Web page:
My single New Year’s resolution this year (still not fulfilled) is to buy a new bathroom scale, and, perhaps, one day, use it. I flirted with the notion of bypassing the entire New Year’s resolution charade altogether, but I have been haunted by the drumbeat of news articles and advertisements reminding me that this is the year I can slim down, tone up, and reduce my chronological age to that of Scarlett Johansson.
Our bathroom scale had performed ably as a must-have decor item and occasional dust-catcher. But then one day my husband took the thing to work in order to weigh packages. Frankly, I was happy to have that silent nag out of the way.
However, with my clothes shrinking on their hangers, I thought a new scale might jolt my conscience, even if only rarely. My intrepid search for a replacement—orchestrated from the cozy confines of a computer chair—led me to Old Will Knott Scales, in Enid, Oklahoma. Their motto: “Lowest Dang Prices Anywhere.”
This charming rallying cry was all I needed to investigate further. Could it be that Old Will Knott’s scales might also lead to my getting back down to the lowest dang weight I’ve had since I was 17? Besides, I also figured that a company based in Enid, Oklahoma was a place where customer service calls were not forwarded halfway across the world and answered by a guy in Dehli speaking clipped English. And I was right. In capital letters, their web site boasted, CONTACT A HUMAN BEING. They didn’t have to do that. They had me at “dang.”
I called on January 2, but could not get through immediately. The lines were burning up with other amply upholstered folks ready to walk the short plank to a digital verdict of their actual heft. I finally reached a woman named Quinche, though she sounded a lot more like a Sally Sue to me. First, I needed to know whether she walked the walk or just talked the talk. After wishing her a hearty happy New Year, I got down to brass tacks. “Do you weigh yourself regularly?” I asked Quinche.
To her credit, she ‘fessed the truth. “I’m not a big type of person, but I decided I’m going to purchase me a scale when I get my tax refund,” she said. “Seein’ the actual numbers is, uh, a totally different feeling,” Quinche observed.
While I figured that business would skyrocket after January 1, Quinche said that since the holiday season began scales had been flying off the shelves (fortunately, no injuries were reported). Shockingly, there are people who think a bathroom scale makes the perfect Christmas gift. One can only imagine the emotional response of the recipient: “A bathroom scale, for me? Oh, you shouldn’t have.”
I was equally incredulous that people bought talking scales. “They ‘speak’ your weight (but only if ya’ want them to),” the company promises. I had my choice of scales that would say hello and then announce my weight in English, French, Spanish and even German. My weight sounds grating enough in English. I’d be out of my mind to want to hear it in German. But talking scales aid the visually impaired, Quinche explained, and are helpful for those who are too afraid to look down and see the frightful numbers. This sounded like a good idea to me. There have been times when, seeing my weight in all its reality-based horror, I have become dizzy and visually impaired myself.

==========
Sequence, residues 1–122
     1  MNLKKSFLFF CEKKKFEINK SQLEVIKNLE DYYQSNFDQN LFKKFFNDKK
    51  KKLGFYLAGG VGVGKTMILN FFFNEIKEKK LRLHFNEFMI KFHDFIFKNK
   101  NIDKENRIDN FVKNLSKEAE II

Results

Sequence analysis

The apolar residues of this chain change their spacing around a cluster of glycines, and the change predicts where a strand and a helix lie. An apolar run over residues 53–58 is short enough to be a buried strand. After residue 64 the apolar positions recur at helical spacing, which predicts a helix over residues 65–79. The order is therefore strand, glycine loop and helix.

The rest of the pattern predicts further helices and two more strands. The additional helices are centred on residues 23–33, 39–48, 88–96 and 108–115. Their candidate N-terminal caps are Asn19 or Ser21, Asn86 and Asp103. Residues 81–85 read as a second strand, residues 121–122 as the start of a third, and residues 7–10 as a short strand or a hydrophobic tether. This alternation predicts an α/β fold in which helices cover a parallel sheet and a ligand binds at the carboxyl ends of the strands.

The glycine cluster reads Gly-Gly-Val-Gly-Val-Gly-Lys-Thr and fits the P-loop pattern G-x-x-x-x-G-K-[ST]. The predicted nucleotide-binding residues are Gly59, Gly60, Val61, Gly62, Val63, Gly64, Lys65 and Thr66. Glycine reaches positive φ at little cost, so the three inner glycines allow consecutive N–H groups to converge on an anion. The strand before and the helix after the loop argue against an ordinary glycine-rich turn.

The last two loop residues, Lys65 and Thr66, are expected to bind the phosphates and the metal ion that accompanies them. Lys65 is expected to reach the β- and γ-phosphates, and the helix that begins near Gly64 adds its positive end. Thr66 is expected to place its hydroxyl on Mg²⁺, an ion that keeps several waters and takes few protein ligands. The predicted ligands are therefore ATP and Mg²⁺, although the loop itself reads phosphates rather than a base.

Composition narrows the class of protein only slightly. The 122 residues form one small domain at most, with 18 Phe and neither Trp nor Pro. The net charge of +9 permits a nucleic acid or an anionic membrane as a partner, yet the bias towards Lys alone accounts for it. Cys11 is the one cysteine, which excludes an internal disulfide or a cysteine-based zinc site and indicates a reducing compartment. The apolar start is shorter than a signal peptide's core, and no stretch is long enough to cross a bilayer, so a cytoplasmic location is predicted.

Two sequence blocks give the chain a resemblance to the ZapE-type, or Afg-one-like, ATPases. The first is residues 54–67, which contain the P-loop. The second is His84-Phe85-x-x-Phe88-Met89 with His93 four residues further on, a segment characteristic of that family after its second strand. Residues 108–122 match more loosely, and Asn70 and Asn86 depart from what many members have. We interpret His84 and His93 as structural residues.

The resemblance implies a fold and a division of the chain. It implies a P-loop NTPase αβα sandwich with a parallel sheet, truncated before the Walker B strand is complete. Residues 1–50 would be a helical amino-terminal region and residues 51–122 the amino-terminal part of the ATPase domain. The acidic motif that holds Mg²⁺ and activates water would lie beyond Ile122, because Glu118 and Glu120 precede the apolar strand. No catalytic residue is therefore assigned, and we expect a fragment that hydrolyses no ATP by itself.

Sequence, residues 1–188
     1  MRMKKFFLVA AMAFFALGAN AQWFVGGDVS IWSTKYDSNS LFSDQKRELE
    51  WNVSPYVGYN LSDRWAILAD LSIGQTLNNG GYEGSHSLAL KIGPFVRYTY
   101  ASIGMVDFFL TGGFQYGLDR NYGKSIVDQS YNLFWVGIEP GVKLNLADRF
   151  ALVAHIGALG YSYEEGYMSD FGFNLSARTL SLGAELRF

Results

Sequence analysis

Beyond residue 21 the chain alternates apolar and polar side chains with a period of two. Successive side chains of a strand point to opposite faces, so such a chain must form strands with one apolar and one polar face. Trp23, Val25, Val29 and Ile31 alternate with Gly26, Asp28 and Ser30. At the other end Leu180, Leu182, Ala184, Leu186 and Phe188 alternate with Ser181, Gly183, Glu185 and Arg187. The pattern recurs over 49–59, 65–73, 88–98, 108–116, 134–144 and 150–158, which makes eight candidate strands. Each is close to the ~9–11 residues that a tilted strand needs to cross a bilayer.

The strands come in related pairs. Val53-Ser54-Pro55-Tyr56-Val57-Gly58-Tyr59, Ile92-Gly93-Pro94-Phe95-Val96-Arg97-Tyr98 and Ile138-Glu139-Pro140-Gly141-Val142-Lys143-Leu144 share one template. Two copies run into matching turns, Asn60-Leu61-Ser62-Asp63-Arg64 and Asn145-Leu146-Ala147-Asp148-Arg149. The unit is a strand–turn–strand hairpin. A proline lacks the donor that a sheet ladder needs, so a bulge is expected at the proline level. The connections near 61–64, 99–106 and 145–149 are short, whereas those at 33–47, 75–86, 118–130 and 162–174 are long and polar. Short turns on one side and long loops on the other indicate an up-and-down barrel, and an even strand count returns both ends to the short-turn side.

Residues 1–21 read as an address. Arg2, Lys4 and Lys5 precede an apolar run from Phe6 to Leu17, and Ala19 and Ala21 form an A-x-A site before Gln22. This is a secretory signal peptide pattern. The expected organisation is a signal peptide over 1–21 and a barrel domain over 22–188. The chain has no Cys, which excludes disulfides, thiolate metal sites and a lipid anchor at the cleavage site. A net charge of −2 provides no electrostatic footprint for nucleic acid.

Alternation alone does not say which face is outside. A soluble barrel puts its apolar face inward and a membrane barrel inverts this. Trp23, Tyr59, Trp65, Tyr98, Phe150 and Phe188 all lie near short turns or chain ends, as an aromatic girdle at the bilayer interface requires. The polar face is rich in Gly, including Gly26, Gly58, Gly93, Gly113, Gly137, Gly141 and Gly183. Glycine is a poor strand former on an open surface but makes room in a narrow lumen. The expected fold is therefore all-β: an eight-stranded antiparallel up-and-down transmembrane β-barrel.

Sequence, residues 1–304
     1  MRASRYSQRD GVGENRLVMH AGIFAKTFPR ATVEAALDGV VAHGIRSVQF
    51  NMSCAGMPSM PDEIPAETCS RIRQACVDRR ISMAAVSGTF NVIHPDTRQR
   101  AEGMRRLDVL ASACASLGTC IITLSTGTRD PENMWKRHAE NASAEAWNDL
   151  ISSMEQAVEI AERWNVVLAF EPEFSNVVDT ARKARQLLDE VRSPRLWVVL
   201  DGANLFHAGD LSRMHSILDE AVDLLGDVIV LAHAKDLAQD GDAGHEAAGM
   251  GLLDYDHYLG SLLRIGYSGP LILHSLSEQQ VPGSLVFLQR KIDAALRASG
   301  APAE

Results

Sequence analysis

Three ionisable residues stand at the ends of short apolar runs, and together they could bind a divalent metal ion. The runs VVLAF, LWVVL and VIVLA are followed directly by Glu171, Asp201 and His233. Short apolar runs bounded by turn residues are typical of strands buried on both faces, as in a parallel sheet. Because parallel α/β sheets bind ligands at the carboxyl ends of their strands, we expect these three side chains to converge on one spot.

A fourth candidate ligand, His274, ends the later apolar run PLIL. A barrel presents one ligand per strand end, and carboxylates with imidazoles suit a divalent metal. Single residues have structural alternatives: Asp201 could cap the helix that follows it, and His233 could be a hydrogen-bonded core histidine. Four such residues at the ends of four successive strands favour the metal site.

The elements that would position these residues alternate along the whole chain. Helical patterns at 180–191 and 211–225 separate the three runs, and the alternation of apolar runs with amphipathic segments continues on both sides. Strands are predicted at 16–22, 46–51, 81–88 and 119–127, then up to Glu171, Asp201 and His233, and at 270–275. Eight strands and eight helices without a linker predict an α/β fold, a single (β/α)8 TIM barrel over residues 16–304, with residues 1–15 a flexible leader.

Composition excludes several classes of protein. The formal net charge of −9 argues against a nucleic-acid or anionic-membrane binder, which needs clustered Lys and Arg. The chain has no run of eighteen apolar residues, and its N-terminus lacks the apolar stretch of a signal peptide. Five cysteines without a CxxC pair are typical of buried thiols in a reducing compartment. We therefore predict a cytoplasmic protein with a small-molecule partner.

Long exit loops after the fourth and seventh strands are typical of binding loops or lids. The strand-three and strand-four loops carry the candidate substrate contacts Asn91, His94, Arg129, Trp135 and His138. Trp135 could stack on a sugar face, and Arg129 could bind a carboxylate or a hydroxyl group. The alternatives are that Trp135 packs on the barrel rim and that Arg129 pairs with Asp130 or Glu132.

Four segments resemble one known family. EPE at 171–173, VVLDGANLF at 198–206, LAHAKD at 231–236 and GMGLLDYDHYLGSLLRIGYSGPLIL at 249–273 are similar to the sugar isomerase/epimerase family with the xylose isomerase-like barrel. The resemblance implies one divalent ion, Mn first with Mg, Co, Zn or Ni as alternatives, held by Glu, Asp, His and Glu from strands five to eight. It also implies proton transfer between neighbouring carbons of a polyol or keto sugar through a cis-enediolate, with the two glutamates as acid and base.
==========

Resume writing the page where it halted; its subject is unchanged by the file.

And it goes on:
Nevertheless, I decided against the scale featuring electrodes that send an electrical signal through your body to help calculate body fat and water composition. They claim it’s safe, but I get “charged up” enough when I step on a scale. I’m not about to risk overloading the system.
After perusing all manner of weighing mechanisms including diamond precision scales, which sounded fun , and mechanical fishing scales, which didn’t sound fun at all, I was most intrigued by the “My Weigh, Fun Weigh” scale, which not only “tells y’all your weight, it’ll joke about it too.” Old Will Knott has programmed it with several witty ripostes, including “Is someone standing on here with you?,” “It’s a good thing I talk, since you probably can’t see me,” “I think you just broke me,” and others. Fortunately, it also has a “shut up” button if you are afraid such hilarity might send you into cardiac arrest.
As much as I love levity, I can’t imagine buying a joking scale, or any talking scale, for that matter. If I want my weigh-in announced, I’ll go back to Weight Watchers where at least an audience applauds for my losses and cluck-clucks sympathy for my gains. No, I must have a scale with an old fashioned sense of discretion, a scale that understands that what is measured in the bathroom stays in the bathroom. Now if only I’ll have the fortitude to test it out. . .
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